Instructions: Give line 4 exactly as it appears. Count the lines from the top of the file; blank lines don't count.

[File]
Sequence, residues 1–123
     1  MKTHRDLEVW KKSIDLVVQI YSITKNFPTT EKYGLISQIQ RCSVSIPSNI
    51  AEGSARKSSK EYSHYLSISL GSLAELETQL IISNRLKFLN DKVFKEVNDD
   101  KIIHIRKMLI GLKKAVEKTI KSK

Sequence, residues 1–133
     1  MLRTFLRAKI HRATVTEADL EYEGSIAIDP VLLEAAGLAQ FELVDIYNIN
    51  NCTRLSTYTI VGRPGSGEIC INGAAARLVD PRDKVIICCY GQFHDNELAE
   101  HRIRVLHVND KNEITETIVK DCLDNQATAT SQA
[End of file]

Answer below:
   101  KIIHIRKMLI GLKKAVEKTI KSK